Extended GuiObjectView

27 Sep 2016 . category: tech .Comments

For our current project, I found Torque’s existing GuiObjectView class was going to need to be modified to meet the demands of a quality character creation GUI. The class achieves what it sets out to do: it renders a 3D model in a GUI control. However, that’s about all it does by default, and rendering of more complex models isn’t fully supported. It was decided the GuiObjectView class was in need of an update and so began the task of extending the class’s list of features!

This extension of the GuiObjectView’s source code began April 5th, 2016. Since that time, any official updates that made it to Torque3D’s release branch have been included. The class was updated from time to time and additional extensions implemented as needed. Here I’ll outline some of the changes that took place in order to extend the functionality of the GuiObjectView class.

Problems? What Problems?

• One of the first problems with the GuiObjectView was that it only supported a single mesh for the displayed model. This quickly became a problem when attempting to hide or show particular sub-meshes for our character models.

• Another thing that cropped up immediately was the realization that the displayed mesh also supported a single material. Skinning was supported, but not for sub-meshes(i.e. seperate materials for each sub-mesh within the model).

• The default camera would default to a position relative to the center of the model. Adjustments would be required to have the camera auto-adjust its positioning based on the size of the displayed model.

• The default camera would allow for zooming ‘inside’ the model, as well as awkward 2 axis rotations. A ‘closest’ value would need to be added to keep the camera from going into the model, and a constraint put on rotation.

Sub-mesh Support

We wanted the GuiObjectView control to support the hiding/showing of sub-meshes within a model individually. The first step was to add "core/bitVector.h" to the includes. Including this class allowed for the creation of the mHiddenMeshes vector. Additionally, large amounts of code could be borrowed from other classes that already supported multiple sub-meshes for rendered models. The most notable about this update is that it elegantly repurposes the existing 'skin' field so the data stored can be a tab-delimited vector of strings. Several internal functions were added to index and update the hidden status for each sub-mesh in an object. A couple of these were extended into EngineMethod format:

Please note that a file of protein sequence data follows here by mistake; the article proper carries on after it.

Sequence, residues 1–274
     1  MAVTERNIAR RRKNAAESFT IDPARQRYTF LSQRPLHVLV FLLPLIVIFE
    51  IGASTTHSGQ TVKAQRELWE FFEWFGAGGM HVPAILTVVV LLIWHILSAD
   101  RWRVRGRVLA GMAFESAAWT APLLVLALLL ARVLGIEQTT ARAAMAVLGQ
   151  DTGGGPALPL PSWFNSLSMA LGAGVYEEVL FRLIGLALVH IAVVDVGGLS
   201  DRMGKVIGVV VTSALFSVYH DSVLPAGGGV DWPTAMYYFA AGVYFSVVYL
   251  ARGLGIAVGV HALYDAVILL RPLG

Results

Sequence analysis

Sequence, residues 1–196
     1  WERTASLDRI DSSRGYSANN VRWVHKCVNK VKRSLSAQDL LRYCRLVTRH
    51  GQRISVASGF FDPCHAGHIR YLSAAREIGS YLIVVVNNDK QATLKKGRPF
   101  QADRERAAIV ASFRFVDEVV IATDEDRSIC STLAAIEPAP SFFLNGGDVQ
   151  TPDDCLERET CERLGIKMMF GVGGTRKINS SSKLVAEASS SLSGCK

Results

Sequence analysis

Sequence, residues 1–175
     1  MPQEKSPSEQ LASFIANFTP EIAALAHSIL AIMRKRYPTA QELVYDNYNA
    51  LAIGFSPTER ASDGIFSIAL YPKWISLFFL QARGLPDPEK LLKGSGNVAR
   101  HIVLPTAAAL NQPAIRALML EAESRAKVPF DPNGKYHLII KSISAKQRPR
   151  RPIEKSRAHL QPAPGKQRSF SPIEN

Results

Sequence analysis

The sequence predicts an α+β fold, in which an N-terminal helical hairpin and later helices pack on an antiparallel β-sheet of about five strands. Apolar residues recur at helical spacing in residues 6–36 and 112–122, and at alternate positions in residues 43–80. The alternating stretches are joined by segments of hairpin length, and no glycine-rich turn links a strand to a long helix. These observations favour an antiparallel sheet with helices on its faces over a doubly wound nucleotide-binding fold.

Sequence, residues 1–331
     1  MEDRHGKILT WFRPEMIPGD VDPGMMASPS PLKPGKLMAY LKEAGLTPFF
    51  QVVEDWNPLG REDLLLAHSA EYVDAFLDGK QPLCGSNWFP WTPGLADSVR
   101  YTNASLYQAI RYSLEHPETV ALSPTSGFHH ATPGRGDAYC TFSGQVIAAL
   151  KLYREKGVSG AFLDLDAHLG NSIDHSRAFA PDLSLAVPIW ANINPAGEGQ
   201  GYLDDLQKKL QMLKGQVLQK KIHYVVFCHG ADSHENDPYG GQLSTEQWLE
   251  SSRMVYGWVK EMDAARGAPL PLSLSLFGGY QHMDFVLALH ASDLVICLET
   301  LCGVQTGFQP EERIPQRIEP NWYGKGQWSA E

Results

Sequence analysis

DefineEngineMethod(GuiObjectView, setAllMeshesHidden, void, (bool hide), ,
	"@brief Set the hidden state on all the shape meshes.\n\n"

	"This allows you to hide all meshes in the shape, for example, and then only "
	"enable a few.\n"

	"@param hide new hidden state for all meshes\n\n")
DefineEngineMethod(GuiObjectView, setMeshHidden, void, (const char* name, bool hide), ,
	"@brief Set the hidden state on the named shape mesh.\n\n"

	"@param name name of the mesh to hide/show\n"
	"@param hide new hidden state for the mesh\n\n")

This update was relatively straight-forward once I discovered how other classes were keeping track of sub-meshes. This is a shining example of how a significant feature update can be achieved with minimal code updates. The bulk of this work was already done in the Torque source code, just never was extended to be used by the GuiObjectView class.

Sub-mesh Skinning

Once multiple meshes were rendering properly within the GuiObjectView control it was time to implement proper skinning so a model with multiple materials could display all the materials. One example would be a model with a highRes head material and a second lowRes material for the rest of the mesh. Once again, this wasn’t too difficult to implement once existing functionality for other classes was reverse engineered for our purposes here. "sim/netStringTable.h" was added to the includes so that the rendered model could keep track of a list of materials, rather than just one. Again, several internal support functions were added so that skin names could be properly indexed, retrieved, and updated. The renderWorld() function had to be updated so the RenderPassManager assigned a ‘shared’ transform. At the end of the day, this resulted in some additional EngineMethod functions for use in script:

DefineEngineMethod(GuiObjectView, getSkinName, const char*, (), ,